Niklas Hamann

boredom is a quiet death

One of the most frustrating things about inspiration is that you cannot find it as easily as looking at its Estimated Time of Arrival on a flight itinerary. I know the taxing and excruciating feeling of having my senses, mind, and spirit subdued by a tedious unending inconvenience, hindering my accessibility to the next stage of enlightenment. 

I already know what you’re thinking, “How do I prevent boredom? What’s the solution for it?”

I have the same recurring thoughts, but unfortunately, the solution varies from person to person. It may feel like we are searching for a four-leaf clover, but we all find it eventually because everyone needs inspiration much like the human body needs oxygen.

I understand better than anyone that it is a strenuous task to discover a solution to boredom when a definitive description for it is nonexistent.

But the way apathy repeatedly invades the privacy of our homes and personal space without permission, it should face steep consequences for illegal trespassing and torture.

The essence of boredom is a critically arduous thing for anyone to full interpret when you see people facing itse affliction – even when they are doing meaningful jobs and activities that they once found profound and eventful.

We all seek inspiration. Not only is it a necessity, but it is deep within our human nature. Though I myself am always in pursuit of inspiration, it usually takes me several tries and a few blunders to find it. Everyone makes mistakes, but we eventually need to learn from them.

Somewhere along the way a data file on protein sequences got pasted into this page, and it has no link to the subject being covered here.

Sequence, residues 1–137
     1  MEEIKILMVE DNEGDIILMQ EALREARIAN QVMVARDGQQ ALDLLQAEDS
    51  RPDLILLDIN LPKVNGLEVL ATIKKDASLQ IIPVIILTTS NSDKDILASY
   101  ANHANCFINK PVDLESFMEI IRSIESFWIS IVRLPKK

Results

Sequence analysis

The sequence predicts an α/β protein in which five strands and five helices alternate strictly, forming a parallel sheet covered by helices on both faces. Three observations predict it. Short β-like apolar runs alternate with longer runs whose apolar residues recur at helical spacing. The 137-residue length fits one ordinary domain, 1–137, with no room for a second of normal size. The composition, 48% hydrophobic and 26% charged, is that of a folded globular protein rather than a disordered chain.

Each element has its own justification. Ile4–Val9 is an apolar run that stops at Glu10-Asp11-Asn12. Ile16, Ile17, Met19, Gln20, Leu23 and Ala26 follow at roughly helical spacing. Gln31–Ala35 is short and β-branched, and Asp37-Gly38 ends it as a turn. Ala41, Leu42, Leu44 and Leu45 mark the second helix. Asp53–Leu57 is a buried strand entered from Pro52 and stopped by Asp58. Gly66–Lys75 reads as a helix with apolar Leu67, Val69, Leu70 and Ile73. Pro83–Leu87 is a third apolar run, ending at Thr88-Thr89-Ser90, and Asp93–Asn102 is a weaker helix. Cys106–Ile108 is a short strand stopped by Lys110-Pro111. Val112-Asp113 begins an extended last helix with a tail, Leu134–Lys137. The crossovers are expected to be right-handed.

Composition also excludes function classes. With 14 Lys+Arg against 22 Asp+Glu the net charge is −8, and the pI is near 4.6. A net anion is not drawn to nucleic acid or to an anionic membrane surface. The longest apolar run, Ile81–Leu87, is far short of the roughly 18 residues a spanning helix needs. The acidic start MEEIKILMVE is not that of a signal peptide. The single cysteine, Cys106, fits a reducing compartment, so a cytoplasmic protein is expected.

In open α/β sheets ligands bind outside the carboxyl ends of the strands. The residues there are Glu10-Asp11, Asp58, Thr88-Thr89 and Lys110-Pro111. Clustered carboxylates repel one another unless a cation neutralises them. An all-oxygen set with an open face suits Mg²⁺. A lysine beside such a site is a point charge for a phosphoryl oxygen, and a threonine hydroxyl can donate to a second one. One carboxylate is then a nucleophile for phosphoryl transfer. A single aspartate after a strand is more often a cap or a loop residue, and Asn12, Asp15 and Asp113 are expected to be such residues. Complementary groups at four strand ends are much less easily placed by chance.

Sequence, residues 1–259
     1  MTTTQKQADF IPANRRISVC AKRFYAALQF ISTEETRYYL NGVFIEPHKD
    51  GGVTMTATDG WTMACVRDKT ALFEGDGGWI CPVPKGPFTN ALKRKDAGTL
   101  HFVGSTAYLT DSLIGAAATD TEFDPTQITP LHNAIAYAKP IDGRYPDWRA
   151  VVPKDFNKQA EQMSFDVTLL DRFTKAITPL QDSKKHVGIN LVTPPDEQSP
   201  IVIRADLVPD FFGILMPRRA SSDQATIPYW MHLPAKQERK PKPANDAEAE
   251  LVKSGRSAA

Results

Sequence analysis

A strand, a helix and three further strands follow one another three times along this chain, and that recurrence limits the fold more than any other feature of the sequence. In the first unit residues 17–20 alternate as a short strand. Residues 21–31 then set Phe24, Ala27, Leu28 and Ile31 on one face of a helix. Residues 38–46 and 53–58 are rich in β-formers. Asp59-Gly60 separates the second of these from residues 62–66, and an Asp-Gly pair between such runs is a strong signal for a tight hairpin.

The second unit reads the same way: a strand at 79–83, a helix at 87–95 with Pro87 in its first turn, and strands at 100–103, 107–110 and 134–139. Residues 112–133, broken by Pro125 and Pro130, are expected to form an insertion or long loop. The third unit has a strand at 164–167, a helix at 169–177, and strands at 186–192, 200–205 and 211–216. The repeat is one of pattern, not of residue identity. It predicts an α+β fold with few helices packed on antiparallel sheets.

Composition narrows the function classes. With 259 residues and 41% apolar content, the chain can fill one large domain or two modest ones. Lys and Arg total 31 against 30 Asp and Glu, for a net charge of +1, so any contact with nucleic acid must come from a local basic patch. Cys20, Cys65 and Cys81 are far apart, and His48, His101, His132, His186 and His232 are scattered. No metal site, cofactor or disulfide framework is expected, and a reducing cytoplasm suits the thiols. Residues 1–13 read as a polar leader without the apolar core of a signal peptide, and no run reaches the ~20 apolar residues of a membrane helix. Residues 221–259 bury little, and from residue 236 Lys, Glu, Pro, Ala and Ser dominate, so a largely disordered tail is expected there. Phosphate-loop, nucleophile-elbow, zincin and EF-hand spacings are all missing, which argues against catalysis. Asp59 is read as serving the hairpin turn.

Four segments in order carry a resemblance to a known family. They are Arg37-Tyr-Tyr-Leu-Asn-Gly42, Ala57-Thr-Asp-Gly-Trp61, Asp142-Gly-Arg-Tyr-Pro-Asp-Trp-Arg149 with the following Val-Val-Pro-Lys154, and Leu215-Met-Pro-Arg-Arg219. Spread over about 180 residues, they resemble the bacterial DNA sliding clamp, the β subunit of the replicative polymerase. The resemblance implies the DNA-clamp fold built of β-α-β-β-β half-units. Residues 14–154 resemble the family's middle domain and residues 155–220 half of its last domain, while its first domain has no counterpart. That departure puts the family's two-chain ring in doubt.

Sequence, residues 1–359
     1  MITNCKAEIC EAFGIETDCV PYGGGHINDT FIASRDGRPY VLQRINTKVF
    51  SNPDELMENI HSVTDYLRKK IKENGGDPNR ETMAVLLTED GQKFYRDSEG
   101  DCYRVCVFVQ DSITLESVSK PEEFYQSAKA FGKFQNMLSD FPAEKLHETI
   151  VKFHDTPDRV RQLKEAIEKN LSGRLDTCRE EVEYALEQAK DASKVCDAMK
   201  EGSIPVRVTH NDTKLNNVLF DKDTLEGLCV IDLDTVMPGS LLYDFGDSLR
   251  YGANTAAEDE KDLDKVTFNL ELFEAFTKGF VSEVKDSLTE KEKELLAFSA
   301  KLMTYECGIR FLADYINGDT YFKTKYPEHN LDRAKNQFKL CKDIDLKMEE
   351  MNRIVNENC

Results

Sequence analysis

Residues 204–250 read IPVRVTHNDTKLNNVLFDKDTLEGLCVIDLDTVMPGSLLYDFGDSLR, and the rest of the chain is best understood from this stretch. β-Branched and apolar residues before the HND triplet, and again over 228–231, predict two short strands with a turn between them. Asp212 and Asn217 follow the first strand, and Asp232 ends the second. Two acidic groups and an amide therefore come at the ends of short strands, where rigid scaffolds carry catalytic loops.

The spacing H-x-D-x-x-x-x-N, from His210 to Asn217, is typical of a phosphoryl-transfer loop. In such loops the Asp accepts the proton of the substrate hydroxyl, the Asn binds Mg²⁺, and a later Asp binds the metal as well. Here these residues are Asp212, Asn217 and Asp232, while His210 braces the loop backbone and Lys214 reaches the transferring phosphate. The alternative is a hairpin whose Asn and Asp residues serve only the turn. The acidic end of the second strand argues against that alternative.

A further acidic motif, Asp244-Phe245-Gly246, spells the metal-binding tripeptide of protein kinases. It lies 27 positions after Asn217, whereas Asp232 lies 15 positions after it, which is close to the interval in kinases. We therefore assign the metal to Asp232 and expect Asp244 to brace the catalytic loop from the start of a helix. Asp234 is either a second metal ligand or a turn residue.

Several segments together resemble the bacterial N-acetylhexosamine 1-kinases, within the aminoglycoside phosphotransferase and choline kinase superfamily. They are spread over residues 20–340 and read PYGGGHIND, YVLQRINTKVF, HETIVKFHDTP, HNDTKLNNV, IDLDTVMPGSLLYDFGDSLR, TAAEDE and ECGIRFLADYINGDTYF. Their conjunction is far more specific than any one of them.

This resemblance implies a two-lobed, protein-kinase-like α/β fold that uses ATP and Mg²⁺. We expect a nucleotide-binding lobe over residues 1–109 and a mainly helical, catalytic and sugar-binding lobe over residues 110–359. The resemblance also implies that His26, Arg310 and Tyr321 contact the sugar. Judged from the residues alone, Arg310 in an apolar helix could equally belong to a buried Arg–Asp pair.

Some individuals indulge in excessive alcohol consumption, junk food, and so on. I know I am guilty of occasionally partaking in too much junk food when I cannot find anything to quickly neutralize my boredom – and it always returns after my stomach is full.

All the well-renowned professionals in their niche have gone on to gain the most-esteemed accolades because they found their way to it with inspiration. A lot of them found their muse in the most unconventional places and ways, I might add. Stephen King, for example, reached his inspiration for his highly acclaimed chilling novel, The Shining, when he and his wife stayed at an immense, old hotel, where they happened to be the only two guests.

The artists Grand Wood spent years in Europe searching for inspiration but did not find his muse to create his masterpiece, American Gothic, until he returned to the Heartland.

It is easier to bump into boredom than inspiration, and that might be one of the cruelests things ever foisted upon humanity. Boredom is a tricky and unhealthy paralysis impeding you from grasping your full creativity. It is a silent killer that strikes swiftly without announcing itself, which I get a continuous reminder of whenever I wake up from one of my unscheduled naps. I deeply resent the unbearably bitter and empty feeling of it.

But despite my aversion for the egregious pain of dullness, there is still something quite beautiful and soothing about the grueling exploration to inspiration that boredom imposes upon you.

It gives me the perpetual opportunity to do some self-reflection, try new things, grow, and discover deeper layers of my identity. I have been able to grow as a person because I use my downtime to ponder the next steps in my life, no matter how small or big they are. I’ve come to love the peace and seclusion because it affords me the time and space to dive deep into my thoughts. Boredom, ironically, has become therapeutic for me.

So sure, boredom may be a detestable nuisance, but it is also an essential commodity for self-discovery. It can guide you to find activities that will stimulate your mood and help you fixate your attention on something that lasts longer than it takes to change a light bulb. Boredom is your shadow, and it will frustrate you to death, or it will galvanize and lead you on an extraordinary journey to find your muse, your niche. It all depends on which path you take.

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